My Journey with John Stewart: Memories of the Lonesome Picker
“The rain crow calls to the setting sun
The curtain falls on everyone
All my love was holy art
That I might live within your heart”
(Portrait credit to Jerry Blank: www.goblankart.com)
On January 19, 2008, the world lost its least known and one of its most influential troubadour-gypsy-soul-poets, John Stewart. I have struggled for the last two weeks to talk about my personal sense of loss. It runs deep. John Stewart’s passing is like losing a good friend who I knew through the profound influence of his music for 40 years. I cannot count how many of his concerts I attended since 1971. I remember sitting in small clubs, concert halls, amusement parks, county fairs, guitar shops and small coffee houses just to hear him weave his imagery of a silent and often unsung America.
When I first discovered John, I was 14 years old. It was 1969. The world was new to me. His songs reverberated with magic myth-like story telling of a history he could bring alive with just his voice and his guitar. His voice echoed with the music of the midwest wheat fields, lonely southwest prairies, California deserts and midnight trains. His words and stories sent lightening to my imagination with scenes of an American landscape I never knew existed. John Stewart forged these visions 15 years before Springsteen or Mellencamp arrived on the scene. He sketched word pictures of the American soul as clearly as Ansel Adams did in photography, Steinbeck with literature and Andrew Wyeth through his paintings. This is illustrated in one of his obscure classics, “Eyes of Sweet Virginia”, which bears witness to his lyrical gift:
For the eyes of sweet Virginia were headlights on the road
A beacon for the weary heart that hardens as it goes
In the eyes of sweet Virginia, the fields of Kansas lay
And stretched to California, a hope for better days.”
I remember vividly the first time I heard his classic, “Mother Country.” He told the story of an aging horse owner losing his sight. His love for his horse drives him to, ride her blind in front of crowd of cheering people. Each time I heard him sing this song; the scene of this haunted America came to life again. It was always a pleasure to take the journey with him. The refrain speaks of his love for this America he helped me discover.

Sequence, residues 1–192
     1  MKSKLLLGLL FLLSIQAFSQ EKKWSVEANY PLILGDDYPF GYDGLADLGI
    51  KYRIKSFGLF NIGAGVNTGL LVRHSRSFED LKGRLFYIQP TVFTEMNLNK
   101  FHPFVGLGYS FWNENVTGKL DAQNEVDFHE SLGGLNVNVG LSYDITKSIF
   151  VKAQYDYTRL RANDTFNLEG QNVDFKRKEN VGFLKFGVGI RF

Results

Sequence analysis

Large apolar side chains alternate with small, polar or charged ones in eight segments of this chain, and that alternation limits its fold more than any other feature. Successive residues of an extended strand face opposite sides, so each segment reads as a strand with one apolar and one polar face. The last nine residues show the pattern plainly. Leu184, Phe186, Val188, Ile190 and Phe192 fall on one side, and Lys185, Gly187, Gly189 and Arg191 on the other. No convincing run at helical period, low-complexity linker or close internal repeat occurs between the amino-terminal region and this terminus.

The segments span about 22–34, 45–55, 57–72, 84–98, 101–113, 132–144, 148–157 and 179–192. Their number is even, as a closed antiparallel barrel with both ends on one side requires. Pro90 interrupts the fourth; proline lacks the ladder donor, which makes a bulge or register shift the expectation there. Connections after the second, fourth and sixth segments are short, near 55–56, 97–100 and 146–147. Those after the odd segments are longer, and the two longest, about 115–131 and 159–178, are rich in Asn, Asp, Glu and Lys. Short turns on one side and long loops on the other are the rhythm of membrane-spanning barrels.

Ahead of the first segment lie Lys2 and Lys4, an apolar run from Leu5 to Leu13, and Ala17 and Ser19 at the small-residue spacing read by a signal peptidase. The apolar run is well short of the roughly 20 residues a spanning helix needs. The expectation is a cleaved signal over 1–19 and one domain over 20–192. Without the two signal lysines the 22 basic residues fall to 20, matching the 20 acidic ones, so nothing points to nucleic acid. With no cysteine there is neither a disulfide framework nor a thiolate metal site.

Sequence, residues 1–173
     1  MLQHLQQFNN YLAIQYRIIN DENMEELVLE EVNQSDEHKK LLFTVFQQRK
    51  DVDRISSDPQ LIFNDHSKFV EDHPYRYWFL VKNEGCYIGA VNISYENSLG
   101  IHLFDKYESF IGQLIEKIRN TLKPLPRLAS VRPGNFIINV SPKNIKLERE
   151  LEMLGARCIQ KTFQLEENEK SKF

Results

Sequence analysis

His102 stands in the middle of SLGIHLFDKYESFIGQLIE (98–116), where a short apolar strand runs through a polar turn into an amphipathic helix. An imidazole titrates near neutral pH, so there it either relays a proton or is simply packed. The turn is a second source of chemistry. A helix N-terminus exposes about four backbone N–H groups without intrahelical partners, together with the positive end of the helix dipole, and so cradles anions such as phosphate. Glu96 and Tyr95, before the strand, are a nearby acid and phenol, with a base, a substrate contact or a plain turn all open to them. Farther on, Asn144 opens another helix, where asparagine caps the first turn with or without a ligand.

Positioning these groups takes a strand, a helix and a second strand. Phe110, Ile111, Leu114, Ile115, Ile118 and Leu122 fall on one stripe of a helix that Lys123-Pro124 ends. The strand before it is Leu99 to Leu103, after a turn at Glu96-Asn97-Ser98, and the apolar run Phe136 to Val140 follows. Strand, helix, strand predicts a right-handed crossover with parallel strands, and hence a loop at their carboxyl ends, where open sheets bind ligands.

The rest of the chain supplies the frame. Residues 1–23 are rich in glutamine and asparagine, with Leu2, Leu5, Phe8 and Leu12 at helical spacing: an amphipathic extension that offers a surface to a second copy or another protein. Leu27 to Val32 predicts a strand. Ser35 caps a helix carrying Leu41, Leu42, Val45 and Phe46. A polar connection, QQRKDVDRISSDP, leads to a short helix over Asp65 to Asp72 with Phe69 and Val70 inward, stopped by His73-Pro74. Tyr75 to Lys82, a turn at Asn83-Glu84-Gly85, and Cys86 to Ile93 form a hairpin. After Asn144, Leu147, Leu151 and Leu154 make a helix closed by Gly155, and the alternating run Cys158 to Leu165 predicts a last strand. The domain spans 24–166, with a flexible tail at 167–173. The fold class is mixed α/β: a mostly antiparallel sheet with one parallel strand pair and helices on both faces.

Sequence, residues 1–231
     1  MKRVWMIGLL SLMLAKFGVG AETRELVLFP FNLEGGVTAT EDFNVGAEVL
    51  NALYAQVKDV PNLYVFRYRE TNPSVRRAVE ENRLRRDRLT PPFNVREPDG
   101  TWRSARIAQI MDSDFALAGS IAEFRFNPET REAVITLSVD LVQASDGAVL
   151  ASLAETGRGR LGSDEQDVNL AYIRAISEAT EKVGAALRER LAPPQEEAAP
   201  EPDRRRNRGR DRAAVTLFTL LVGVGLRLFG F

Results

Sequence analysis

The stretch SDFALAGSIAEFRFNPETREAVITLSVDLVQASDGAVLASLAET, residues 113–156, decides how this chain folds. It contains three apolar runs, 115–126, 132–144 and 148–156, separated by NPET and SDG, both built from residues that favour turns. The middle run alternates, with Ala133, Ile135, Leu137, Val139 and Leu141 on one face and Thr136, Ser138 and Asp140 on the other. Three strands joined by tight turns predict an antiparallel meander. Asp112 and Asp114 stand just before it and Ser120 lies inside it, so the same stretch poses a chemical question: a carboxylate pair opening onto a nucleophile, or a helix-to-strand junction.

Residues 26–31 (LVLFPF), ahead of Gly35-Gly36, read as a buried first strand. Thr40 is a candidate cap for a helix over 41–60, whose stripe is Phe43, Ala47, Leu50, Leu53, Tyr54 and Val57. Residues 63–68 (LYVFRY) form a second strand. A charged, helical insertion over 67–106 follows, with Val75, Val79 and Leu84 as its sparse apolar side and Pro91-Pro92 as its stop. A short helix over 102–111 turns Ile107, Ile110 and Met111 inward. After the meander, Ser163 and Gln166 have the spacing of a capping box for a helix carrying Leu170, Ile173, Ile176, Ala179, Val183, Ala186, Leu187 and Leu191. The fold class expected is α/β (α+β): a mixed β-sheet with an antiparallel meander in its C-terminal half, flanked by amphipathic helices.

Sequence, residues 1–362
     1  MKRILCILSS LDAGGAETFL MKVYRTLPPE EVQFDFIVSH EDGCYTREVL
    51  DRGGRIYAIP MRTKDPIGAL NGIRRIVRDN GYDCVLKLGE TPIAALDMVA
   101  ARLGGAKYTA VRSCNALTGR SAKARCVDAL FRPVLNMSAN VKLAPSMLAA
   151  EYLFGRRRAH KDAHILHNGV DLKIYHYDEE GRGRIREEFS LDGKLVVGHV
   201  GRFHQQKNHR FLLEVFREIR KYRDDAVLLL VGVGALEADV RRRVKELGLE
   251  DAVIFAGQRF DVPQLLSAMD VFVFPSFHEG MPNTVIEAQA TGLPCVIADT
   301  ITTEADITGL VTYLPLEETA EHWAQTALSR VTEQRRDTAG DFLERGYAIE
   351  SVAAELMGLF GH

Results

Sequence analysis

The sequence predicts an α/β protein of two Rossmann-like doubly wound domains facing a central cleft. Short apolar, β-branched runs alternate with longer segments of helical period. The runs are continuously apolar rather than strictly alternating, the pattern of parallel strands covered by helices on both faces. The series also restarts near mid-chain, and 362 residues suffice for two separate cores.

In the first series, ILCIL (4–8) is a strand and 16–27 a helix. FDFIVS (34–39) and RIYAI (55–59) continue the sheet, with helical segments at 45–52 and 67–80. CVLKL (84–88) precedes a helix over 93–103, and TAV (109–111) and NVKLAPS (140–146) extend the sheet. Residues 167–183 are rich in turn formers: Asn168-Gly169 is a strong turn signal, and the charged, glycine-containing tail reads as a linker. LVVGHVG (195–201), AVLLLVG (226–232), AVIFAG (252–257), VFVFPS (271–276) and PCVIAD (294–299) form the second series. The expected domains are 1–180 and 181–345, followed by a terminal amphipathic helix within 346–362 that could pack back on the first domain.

Oh Mother Country, I do love you.
It seemed every year since I was a teenager I would find a new way of approaching a song that John Stewart would unveil with each release. Through the 60’s, 70’s, he was tossed around by major record labels until he finally found his own commercial success with then successful RSO record label in 1978. He joined forces with Lindsey Buckingham and Stevie Nicks to record his song, Gold, which became a top ten hit. This success was short lived and soon he was back to being the lonesome picker-troubadour, putting together touring bands, recording albums for small, independent labels and over the last 20 years, doing much of the work through his own independent releases. The work he did during this period was the real gold of John’s career. He kept developing his lyrical style into something quite different from any other songwriter of his generation. Indeed, John Stewart was one of the few singer-songwriters of the last 47 years who was not influenced by Bob Dylan. He worked from his own song palette. He had already found his own voice before the arrival of Dylan in the early 60’s. Both his early work and his final recordings bare this out. The titles include Rough Sketches, Escape to Arizona, Rocket Roy in the Real World and Havanna. To discover how his talent developed, grew and became something of greatness, one has to hear these recordings of chamber like folk music with stirring spoken word and songs. These more recent, independent projects stand well beside his better-known early classics, California Bloodlines and Willard.
Throughout his career, John Stewart gave voice to his own spirituality, a uniquely American independent-flying-eagle kind of a vision. He was raised Catholic and spent years exploring meditation during the 80’s. However, the themes he explored were that of a wanderer, a loner and a critic of established, organized religion without rejecting the essence of the true Christian faith, which he embraced as compassion and his love for his art and his audience. There are many examples of this maverick like attitude but the song “Great White Cathedrals” from the _Willard_ album sends a clear message to the listener: